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new law New powers will allow gardaí to demand computer passwords

It is hoped this will fast-track the gardaí’s ability to access materials on devices.

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Communicating via mobile phone and laptop

Communicating via mobile phone and laptop

Getty Images/Science Photo Libra

Communicating via mobile phone and laptop

Gardaí are moving closer to obtaining new powers that would compel suspects in serious crime investigations to hand over passwords to their computers and electronic devices.

Department of Justice officials are preparing a piece of legislation to implement a recommendation by the Commission on the Future of Policing in Ireland to codify police powers of search, arrest and detention.

Officials say that, as part of the police powers bill, the inclusion of a provision giving gardaí the right to seek computer passwords is being considered. It is hoped this will fast-track the gardaí’s ability to access materials on devices.

Earlier this year, Garda Commissioner Drew Harris called for gardaí to be given those powers during investigations into child abuse imagery.

He also stated that officers should be given an “electronic key” to allow access to encrypted platforms, such as WhatsApp.

The Department of Justice is also committed to drafting a cybercrime bill that would give effect to provisions of the Budapest Convention on Cybercrime, which are not already covered in domestic legislation.

The password issue is being considered in the context of that bill, which will include the power to issue production and preservation orders in relation to data.

The Budapest Convention was signed by Ireland in 2002 but ratification has been delayed since then.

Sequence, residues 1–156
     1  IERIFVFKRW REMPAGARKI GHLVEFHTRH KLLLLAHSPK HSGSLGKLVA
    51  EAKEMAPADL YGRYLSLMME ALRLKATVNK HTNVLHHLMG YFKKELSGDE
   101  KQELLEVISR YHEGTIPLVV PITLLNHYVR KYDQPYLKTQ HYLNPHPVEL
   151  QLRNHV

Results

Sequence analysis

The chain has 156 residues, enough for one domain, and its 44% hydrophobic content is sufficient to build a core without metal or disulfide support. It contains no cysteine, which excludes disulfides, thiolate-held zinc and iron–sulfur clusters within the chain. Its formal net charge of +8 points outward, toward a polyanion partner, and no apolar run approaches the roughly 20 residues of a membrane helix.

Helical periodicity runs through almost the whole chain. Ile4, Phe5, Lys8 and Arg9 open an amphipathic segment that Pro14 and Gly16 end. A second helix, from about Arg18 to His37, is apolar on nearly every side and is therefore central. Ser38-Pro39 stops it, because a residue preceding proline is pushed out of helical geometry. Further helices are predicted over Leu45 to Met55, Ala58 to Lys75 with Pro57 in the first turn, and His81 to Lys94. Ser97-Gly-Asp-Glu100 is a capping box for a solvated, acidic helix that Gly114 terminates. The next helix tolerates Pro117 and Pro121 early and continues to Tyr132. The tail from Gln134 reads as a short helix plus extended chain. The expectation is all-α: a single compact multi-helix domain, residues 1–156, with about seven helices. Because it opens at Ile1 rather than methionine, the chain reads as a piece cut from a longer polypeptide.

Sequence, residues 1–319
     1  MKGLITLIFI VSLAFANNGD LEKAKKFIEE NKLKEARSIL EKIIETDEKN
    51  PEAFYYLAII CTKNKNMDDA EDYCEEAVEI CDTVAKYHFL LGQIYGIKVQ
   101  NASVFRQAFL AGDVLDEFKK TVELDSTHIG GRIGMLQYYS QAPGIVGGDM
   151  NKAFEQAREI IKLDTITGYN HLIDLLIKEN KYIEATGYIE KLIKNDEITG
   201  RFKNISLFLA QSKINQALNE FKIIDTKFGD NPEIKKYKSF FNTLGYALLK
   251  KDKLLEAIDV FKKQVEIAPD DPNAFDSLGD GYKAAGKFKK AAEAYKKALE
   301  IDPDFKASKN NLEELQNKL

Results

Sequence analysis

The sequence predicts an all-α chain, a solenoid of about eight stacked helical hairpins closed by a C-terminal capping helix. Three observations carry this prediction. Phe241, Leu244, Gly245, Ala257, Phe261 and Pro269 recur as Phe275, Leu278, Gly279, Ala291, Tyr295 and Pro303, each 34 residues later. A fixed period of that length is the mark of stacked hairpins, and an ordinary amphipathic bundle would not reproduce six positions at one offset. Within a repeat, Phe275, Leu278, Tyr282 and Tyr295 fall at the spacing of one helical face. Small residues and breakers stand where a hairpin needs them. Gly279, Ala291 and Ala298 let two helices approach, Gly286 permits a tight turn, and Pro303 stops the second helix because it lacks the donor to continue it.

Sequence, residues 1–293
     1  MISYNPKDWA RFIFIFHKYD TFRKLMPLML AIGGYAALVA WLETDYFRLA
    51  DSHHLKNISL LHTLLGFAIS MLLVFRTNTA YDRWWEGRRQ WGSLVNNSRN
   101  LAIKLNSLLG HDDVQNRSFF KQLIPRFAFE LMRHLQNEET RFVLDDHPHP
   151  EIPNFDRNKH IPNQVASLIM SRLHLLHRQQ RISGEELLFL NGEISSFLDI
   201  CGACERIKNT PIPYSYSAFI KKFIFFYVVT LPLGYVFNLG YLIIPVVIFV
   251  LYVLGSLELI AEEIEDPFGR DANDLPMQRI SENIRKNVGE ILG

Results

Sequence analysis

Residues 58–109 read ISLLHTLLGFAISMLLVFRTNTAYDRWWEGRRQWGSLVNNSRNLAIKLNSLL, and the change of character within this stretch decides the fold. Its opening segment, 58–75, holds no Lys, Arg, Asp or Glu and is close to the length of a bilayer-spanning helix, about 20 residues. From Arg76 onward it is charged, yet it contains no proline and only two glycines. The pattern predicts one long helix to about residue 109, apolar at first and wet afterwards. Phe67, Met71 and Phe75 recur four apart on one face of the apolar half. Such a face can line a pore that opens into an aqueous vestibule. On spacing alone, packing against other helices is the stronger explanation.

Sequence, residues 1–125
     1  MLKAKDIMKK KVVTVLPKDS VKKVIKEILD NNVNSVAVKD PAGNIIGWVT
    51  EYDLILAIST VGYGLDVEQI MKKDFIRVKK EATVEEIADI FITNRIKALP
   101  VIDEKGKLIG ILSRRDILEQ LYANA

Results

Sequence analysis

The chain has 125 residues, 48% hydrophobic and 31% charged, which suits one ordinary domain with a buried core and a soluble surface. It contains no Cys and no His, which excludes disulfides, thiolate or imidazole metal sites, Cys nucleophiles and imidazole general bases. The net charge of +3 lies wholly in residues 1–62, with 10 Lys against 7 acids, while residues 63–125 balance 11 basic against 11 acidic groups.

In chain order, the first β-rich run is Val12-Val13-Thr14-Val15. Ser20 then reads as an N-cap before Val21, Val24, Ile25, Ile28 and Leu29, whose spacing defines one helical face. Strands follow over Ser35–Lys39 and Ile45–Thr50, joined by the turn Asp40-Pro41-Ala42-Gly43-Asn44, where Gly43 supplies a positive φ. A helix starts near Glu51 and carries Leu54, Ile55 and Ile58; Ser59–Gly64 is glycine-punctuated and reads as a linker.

This is due to what are described as “unforeseen delays along the way, largely reflecting developments at European level”.

The vast majority of the provisions in the Budapest Convention are already included in Irish law, including an act introduced in 2017 giving effect to an EU directive on attacks against information systems.

The new counter-terrorism agenda, which has been drawn up by the European Commission, commits it to work with member states to identify possible legal, operational and technical solutions for lawful access to
encrypted information.

It also commits it to promoting an approach which maintains the use of encryption to protect privacy and security of communications while providing an effective response to crime and terrorism.

EU Home Affairs ministers, including Ireland’s Justice Minister Helen McEntee, have underlined the importance of devising a way forward on data retention for crime-fighting purposes, while taking into
account a number of European Court of Justice rulings on the issue.

Ireland supported a resolution emphasising support for encryption as a necessary means of protecting fundamental rights and digital security.

The resolution also called for the preservation of the ability
of law enforcement to exercise lawful powers to access electronic evidence to investigate serious crimes.

Ratification of the Budapest Convention and, by extension, the password powers, are being viewed by the gardaí as key tools in the legislative back-up they need to tackle cybercrime.

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